Nigeria’s Life Expectancy: 4 Reasons Why It’s So Low

The life expectancy in Nigeria falls short of the global average by almost 15 years.

But before we take a look at why the country’s life expectancy is so low, let’s find out what life expectancy really is.

Life expectancy at birth indicates the number of years a newborn infant would live if prevailing patterns of mortality at the time of its birth were to stay the same throughout its life.

nigeria life expectancy

Nigeria’s Life Expectancy: How It Changed Over Time

Let’s take a look at the life expectancy trend in Nigeria since 1960.

  • Year  Value
  • 1960  38.45
  • 1961  38.89
  • 1962  39.32
  • 1963  39.72
  • 1964  40.11
  • 1965  40.48
  • 1966  40.84
  • 1967  41.20
  • 1968  41.57
  • 1969  41.94
  • 1970  42.34
  • 1971  42.75
  • 1972  43.17
  • 1973  43.61
  • 1974  44.06
  • 1975  44.51
  • 1976  44.96
  • 1977  45.41
  • 1978  45.85
  • 1979  46.26
  • 1980  46.63
  • 1981  46.93
  • 1982  47.15
  • 1983  47.31
  • 1984  47.39
  • 1985  47.40
  • 1986  47.38
  • 1987  47.33
  • 1988  47.27
  • 1989  47.23
  • 1990  47.19
  • 1991  47.16
  • 1992  47.13
  • 1993  47.09
  • 1994  47.05
  • 1995  47.01
  • 1996  46.99
  • 1997  46.98
  • 1998  47.00
  • 1999  47.07
  • 2000  47.19
  • 2001  47.40
  • 2002  47.69
  • 2003  48.07
  • 2004  48.52
  • 2005  49.02
  • 2006  49.56
  • 2007  50.09
  • 2008  50.61
  • 2009  51.10
  • 2010  51.56
  • 2011  52.00
  • 2012  52.43
  • 2013  52.86
  • 2014  53.30
  • 2015  53.76
  • 2016  53.40

It is clear that the life expectancy value has been growing steadily since 1960 which indicates that there have been improvements in the indicators contributing to a longer life.

Nonetheless, the steady growth in life expectancy in Nigeria cannot be compared to some developed countries in America, Asia and Europe. Countries like Luxembourg, Israel, France, Australia and South Korea have the highest life expectancy value in the world at over 82 years.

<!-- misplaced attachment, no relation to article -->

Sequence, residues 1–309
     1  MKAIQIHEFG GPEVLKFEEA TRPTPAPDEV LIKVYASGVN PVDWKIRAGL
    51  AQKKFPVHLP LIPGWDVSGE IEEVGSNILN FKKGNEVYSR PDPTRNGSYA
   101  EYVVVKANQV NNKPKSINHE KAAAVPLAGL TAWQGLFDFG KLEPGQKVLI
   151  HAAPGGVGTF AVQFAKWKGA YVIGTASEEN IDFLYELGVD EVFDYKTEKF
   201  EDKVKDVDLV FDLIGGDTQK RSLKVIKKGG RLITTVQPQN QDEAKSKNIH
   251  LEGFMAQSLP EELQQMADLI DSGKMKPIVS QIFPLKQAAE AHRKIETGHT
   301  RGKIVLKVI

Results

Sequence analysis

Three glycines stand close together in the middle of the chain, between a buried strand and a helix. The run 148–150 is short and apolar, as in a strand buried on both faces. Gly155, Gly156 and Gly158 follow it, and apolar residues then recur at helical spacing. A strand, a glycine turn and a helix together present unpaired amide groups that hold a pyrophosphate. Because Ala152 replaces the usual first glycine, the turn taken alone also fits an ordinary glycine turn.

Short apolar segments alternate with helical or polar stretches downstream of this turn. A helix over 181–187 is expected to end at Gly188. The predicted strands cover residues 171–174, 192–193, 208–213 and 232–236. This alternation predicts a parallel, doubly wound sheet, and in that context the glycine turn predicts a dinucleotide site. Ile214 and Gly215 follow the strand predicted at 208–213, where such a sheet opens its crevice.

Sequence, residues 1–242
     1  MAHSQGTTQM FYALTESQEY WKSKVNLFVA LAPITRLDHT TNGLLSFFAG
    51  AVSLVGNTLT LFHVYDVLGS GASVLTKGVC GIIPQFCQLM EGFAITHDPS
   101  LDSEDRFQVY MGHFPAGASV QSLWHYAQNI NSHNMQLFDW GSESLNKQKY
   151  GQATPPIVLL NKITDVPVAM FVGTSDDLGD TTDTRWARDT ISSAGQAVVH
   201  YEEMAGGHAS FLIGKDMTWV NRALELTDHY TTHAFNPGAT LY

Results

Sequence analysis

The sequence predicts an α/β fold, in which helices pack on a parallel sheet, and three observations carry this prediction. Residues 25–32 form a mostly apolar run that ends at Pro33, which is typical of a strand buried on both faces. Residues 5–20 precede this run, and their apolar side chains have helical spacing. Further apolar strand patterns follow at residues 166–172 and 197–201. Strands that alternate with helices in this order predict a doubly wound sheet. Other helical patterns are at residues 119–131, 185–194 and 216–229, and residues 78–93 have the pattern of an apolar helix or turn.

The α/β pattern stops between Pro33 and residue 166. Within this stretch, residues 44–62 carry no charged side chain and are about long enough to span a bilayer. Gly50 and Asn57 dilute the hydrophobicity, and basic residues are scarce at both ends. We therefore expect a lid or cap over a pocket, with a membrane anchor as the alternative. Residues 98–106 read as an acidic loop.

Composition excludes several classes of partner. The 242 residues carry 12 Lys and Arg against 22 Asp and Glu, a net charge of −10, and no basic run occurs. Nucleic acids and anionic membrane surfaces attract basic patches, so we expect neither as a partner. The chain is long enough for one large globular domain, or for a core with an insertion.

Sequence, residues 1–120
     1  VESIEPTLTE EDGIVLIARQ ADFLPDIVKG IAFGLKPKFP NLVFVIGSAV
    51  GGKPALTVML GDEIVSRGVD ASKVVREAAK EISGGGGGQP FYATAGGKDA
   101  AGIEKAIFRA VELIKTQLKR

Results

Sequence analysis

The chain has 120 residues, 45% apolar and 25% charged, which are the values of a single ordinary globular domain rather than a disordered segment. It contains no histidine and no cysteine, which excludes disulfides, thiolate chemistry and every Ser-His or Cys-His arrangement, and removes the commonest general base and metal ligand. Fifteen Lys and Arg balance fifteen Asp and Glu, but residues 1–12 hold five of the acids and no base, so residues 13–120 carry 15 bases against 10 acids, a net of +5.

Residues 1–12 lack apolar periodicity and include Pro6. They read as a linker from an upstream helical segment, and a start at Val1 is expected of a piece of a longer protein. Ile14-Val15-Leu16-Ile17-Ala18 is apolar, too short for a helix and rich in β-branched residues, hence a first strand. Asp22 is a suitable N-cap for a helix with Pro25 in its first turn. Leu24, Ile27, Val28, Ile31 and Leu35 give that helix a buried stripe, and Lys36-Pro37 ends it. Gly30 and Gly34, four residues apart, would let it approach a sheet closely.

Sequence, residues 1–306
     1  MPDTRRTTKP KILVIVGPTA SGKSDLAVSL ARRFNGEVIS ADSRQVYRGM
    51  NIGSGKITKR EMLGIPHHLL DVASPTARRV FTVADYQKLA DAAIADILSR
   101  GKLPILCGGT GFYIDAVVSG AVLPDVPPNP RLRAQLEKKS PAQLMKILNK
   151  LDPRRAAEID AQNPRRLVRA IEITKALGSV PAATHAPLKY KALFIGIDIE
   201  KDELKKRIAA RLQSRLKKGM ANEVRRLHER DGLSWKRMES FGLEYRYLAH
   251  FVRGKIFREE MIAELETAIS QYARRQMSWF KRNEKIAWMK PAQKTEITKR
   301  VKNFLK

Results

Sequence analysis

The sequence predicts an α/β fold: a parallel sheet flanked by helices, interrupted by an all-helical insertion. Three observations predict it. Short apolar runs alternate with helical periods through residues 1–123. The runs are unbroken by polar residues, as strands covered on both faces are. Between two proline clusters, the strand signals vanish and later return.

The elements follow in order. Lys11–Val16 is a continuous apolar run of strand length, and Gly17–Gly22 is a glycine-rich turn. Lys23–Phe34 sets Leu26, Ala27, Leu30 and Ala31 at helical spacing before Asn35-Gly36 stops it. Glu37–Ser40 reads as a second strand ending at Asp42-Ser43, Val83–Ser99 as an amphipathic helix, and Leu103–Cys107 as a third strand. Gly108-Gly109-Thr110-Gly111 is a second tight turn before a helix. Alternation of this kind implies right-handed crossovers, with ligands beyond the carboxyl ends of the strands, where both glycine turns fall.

Based on the life expectancy value, Nigeria is ranked 216 in the world, and 16th in Africa. However, this LE value and the country’s ranking is expected to increase over the next few years. By 2020, the average life expectancy in Nigeria will rise to 55.23 years ranking the country 214 globally and 14th in Africa.

By 2030, the figure is predicted to be 59.20 years (ranking 212) and by 2050 hit 68.15 (ranking 209 globally and 9th in Africa).

The prevalent issues responsible for the low life expectancy value can be traced to specific economic, social and developmental indices. These problems include poor nutrition, high maternal mortality as well as high infant mortality.

Why Nigeria’s Life Expectancy is Low

In this post, we take a look at the major cause of the low life expectancy in Nigeria


Malaria, tuberculosis and HIV are the leading causes of death in Nigeria. The country suffers the world’s greatest malaria burden, with approximately 51 million cases and 207,000 deaths reported annually. Consequently, the country bears approximately 30% of the total malaria burden in Africa.

Also, 97% of the 180 million Nigerians are at risk of infection and the disease accounts for 60 % of outpatient visits to hospitals and has led to approximately 11% maternal mortality and 30% child mortality, especially among children less than 5 years.

The causative organism of Malaria is Plasmodium falciparum, and the mosquitoes Anopheles gambiae, Anopheles funestus, Anopheles arabiensis, and Anopheles moucheti which are also the major vectors causing year-round transmission; artemether-lumefantrine (AL) or artesunate + amodiaquine (AS + AQ) is the treatment regime adopted in 2004.